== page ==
Positive Parenting – Teaching Children to Be Socially Successful


In a healthy environment, social success is available to everyone. We can teach our children that they CAN choose to engage in behaviors that cause people to want to be with them, and to avoid behaviors that cause others to lose interest quickly. No matter how socially unsuccessful somebody has been until now, they can always start fresh and invite new opportunities. 


If your child is expresses that he or she is unhappy with a social situation, first listen and try to understand. At a different time you can tell your child that you once learned something very valuable about social success. Even if child never complains, you can proactively teach the following lesson, just because you’d like your child to succeed. 


The Mommy Mini-Lesson 

“Do you know what it takes to be socially successful? I learned the exact behaviors that make people either socially attractive, and those that make people socially unattractive, too. 


“Imagine walking into a store and seeing two identical dresses or suits hanging on a rack. Both dresses (or suits) are the same color, same size, same material, and same brand. The only difference is that one of them looks fresh and is new and clean, and the other one is crumpled and wrinkled and even has some lint in it. Obviously, everybody will be trying to purchase the fresh, new, clean hanging dress or suit.” 


Question for Discussion: 

If you take both dresses and put them in the washing machine and iron them, a day later they will look exactly the same. So why does everybody gravitate towards the fresh new hanging dress if really they will both be beautiful? 


Let the discussion take the following direction:  

The reason why everyone leans towards the fresh new hanging dress is because we naturally like when things look fresh and clean. 


When it comes to friends there are certain things that we can do to make ourselves like that pretty dress. Really, we are all beautiful inside, and we want to make sure that we are not looking like the crumpled dress where people just look the other way and don’t see who we really are.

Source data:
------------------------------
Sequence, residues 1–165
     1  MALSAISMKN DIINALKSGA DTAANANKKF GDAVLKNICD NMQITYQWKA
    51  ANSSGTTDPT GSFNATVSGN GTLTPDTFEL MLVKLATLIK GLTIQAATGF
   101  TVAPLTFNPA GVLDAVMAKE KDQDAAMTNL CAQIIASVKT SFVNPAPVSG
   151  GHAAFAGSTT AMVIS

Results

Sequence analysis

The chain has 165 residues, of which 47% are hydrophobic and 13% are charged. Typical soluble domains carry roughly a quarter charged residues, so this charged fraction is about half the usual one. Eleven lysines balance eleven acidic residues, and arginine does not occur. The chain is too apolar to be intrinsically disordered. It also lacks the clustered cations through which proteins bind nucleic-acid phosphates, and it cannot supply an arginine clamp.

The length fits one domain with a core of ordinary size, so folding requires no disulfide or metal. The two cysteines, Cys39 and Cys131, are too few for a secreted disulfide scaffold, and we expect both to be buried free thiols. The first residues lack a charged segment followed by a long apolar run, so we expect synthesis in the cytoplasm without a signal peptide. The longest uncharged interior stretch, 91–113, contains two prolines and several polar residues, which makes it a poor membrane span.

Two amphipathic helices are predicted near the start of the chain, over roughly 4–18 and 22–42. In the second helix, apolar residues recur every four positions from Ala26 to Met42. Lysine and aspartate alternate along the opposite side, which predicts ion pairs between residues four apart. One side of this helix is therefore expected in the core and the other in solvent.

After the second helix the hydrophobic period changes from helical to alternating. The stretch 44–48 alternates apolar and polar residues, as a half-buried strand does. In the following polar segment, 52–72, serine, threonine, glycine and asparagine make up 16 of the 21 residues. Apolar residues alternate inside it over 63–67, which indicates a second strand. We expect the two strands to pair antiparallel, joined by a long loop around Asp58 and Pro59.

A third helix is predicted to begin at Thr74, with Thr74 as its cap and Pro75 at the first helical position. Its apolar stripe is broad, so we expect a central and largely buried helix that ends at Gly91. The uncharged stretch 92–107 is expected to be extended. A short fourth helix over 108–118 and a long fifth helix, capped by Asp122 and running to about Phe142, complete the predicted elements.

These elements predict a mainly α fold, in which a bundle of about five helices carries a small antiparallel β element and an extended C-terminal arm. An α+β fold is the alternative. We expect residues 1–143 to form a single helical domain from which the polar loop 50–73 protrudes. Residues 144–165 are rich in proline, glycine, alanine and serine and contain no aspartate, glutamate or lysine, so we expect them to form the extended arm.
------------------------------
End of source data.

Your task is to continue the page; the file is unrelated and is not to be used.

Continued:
Place in a Sidebar:  

“Socially Attractive” Versus “Socially Unattractive” 

Make two columns on a paper titled “Socially Attractive” and “Socially Unattractive.” 


Give examples of “Socially Unattractive Behaviors” and have your child add to the list. You can also stick in one obvious example of something that never happens, (such as not wiping one’s drippy nose) so children feel this is a general lesson, rather than that you are preaching to them about their shortcomings.   


For each socially unattractive answer you put on the chart, ask them to come up with wording for the opposite, which would be the “Socially Attractive” behavior. 


Below are five examples of Socially Unattractive vs. Socially Attractive Behaviors. When teaching this to your children, you can choose some from the list, or create your own list, or do both: 

  1. Standing on the side vs. Initiating conversation
  2. Talking a lot about oneself vs. Showing interest in others 
  3. Complaining vs. Being positive 
  4. Putting people down vs. Giving compliments 
  5. Saying, “I’m first” vs. “You want to make a raffle to see who goes first?” 


If you decide to come up with your own examples based on an unhealthy pattern your child is stuck in, create simple language that tells them exactly what their mouths, bodies, and faces shouldn’t and should be doing.